During the First World War, the Victoria Cross (VC) was awarded to Warrant Officers, non-commissioned officers, and men for most conspicuous bravery or some daring or pre-eminent act of valour or self-sacrifice or extreme devotion to duty in the presence of the enemy. It was the highest award for gallantry in action. In total, 96 VCs have been awarded to Canadians (Canadian-born or serving in the Canadian Army), of these 70 were awarded during the Great War. (Veterans Affairs Canada)
The Victoria Cross was authorized by Royal Warrant on 5 February 1856.
The following officer of The Royal Canadian Regiment was awarded the Victoria Cross (VC) during the First World War. The quoted citation has been taken from the online archive of the London Gazette.
|SUPPLEMENT TO THE LONDON GAZETTE, 6 JANUARY, 1919; Issue number: 31108, Page number: 306
Lt. Milton Fowler Gregg, M.C., R. Can. Regt., Nova Scotia R. - For most conspicuous bravery and initiative during operations near Cambrai, 27th September to 1st October, 1918.
On 28th September, when.the advance of the brigade was held up by fire from, both flanks and by thick, uncut wire, he crawled forWard alone and explored the wire until he found a small gap, through which he subsequently led his men, and forced an entry into the enemy trench. The enemy counter-attacked in force, and, through lack of bombs, the situation became critical. Although wounded, Lt. Gregg returned alone under terrific fire and collected a further supply. Then rejoining his party, which by this time was much reduced in numbers, and, in spite of a second wound, he reorganised his men and led them with the greatest determination against the enemy trenches, which he finally cleared. He personally killed or wounded 11 of the enemy and took 25 prisoners, in addition to 12 machine guns captured in this trench. Remaining with his company in spite of wounds, he again on the 30th September led his men in attack until severely wounded. The outstanding valour of this officer saved many casualties and enabled the advance to continue.
In 1954, the Canadian Fusiliers and The Oxford Rifles, two regiments of the Canadian Militia, were amalgamated to form the London and Oxford Fusiliers (3rd Battalion, The Royal Canadian Regiment). In 1958, this unit became the 3rd Battalion, The RCR (and is now currently the Regiment's 4th Battalion). Between the Canadian Fusiliers and The Oxford Rifles, five infantry battalions of the CEF (1st, 33rd, 71st, 142nd and 168th) and the 2nd Battalion, Canadian Machince Gun Corps, CEF, were perpetuated and this perpetuation is now carried by the entirety of The Royal Canadian Regiment in the Canadian Army. As a result of the honour of perpetuation of these CEF units, The RCR recognizes a second Victoria Cross recipient; Lieutenant Frederick William Campbell, who received the award while serving as an officer of the 1st Canadian Infantry Battalion.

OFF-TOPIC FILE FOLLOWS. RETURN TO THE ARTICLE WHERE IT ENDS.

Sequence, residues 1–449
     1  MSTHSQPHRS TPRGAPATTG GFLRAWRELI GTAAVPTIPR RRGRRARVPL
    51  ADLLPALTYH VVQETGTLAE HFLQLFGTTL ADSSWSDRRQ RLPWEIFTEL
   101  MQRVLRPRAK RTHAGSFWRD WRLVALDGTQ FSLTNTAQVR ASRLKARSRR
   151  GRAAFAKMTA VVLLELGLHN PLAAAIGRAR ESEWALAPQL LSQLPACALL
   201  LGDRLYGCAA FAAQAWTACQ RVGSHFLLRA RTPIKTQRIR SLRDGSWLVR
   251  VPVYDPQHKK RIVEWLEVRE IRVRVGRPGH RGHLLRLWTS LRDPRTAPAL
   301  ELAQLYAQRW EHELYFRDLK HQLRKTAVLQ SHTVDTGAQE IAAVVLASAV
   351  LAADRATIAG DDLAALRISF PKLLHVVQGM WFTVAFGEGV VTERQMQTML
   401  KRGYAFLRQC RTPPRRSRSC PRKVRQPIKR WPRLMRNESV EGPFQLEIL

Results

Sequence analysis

|SUPPLEMENT TO THE LONDON GAZETTE, 23 AUGUST, 1915; Issue number: 29272, Page number: 8374
Lieutenant Frederick William Campbell, 1st Canadian Battalion.
For most conspicuous bravery on 15th June, 1915, during the action at Givenchy. Lieutenant Campbell took two machine-guns over the parapet, arrived at the German first line with one gun, and main tained his position there, under very heavy rifle, machine-gun, and bomb fire, notwithstanding the fact that almost the whole of his detachment had then been killed or wounded.
When our supply of bombs had become exhausted, this Officer advanced his gun still further to an exposed position, and, by firing about 1,000 rounds, succeeded in holding back the enemy's counter-attack.
This very gallant Officer was subsequently wounded, and has since died.